In the end, Haig did as he's set out to do, "kill as many Germans as possible". If we don't combine the Allies casualties, Germany did suffer the most, a lasting mark on their military. The battle showed tanks weren't quite ready for war, but later attacks (such as Cambrai, 1917) saw Britain using them much more effectively.

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The War at Sea

It felt right to include this little question incase you get a comparative source in the exam between the navy and the army...

The British fleet had two main roles in the war:

  • Transporting troops/supplies across the Channel to France.
  • Defending British shores.

Not that active. In fact, there was only one major sea battle, the Battle of Jutland. This occurred in 31 May to 1 June, 1916. It's pretty obscure as both Britain and Germany claimed victory...

Germany's claim: Britain lost 14 ships compared to Germany's 11.

Britain's claim: Germany retreated and did not venture from it's ports for the duration of the war, leaving Britain's fleet in control of the seas.

The fact that Germany's fleet was not destroyed though, meant the British fleet had to remain to defend the shores, and not combat the next problem...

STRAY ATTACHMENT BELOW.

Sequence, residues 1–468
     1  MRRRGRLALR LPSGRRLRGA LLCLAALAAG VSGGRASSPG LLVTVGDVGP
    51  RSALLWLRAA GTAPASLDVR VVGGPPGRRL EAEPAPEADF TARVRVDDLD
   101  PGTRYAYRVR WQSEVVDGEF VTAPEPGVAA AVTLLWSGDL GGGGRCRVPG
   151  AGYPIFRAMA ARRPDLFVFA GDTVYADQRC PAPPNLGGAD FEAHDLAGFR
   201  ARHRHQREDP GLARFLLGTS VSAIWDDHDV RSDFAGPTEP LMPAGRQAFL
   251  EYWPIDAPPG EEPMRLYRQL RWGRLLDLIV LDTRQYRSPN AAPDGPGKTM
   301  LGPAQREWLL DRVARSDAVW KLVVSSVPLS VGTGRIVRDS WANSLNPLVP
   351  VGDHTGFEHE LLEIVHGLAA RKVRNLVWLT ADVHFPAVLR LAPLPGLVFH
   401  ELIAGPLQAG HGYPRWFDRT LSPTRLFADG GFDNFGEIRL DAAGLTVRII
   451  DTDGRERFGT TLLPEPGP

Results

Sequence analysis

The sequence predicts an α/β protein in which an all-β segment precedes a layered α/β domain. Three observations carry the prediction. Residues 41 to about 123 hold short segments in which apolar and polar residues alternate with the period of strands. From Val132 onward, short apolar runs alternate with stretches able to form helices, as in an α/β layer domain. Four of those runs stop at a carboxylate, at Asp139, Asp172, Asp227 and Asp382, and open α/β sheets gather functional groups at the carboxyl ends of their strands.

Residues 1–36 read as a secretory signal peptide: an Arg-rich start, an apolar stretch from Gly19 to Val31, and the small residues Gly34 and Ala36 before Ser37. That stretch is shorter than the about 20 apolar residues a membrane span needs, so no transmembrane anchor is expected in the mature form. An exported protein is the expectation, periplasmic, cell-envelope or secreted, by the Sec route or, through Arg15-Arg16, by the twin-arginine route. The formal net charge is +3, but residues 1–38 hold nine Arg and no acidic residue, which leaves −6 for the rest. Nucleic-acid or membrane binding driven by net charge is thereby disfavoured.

Submarine Warfare

In February 1915, Germany had developed a policy of unrestricted submarine warfare. This meant that any British ship was an enemy. U-boats (submarines) were new, and unlike other ships which gave warnings before attacking, the nature of U-boats were underwater, surprise attacks.

However, when the British Liner Lusitania was sunk in 1915, there was an out roar from America, as 128 of the passengers that died were American. The USA threatened to enter the war if Germany did not call of unrestricted warfare, and so Germany was forced to submit.

In 1917, though, with many more U-boats ready, Germany decided to renew their policy. Britain was in trouble. Their cargo loses rose from 386,000 tonnes in January to 881,000 tonnes by April. The British navy had to take action, or Britain would be starved into submission.

  • Depth charges were developed to fight submarines.
  • Britain introduced armed convoys. All merchant ships had to travel in groups with guarded warships with depth charges.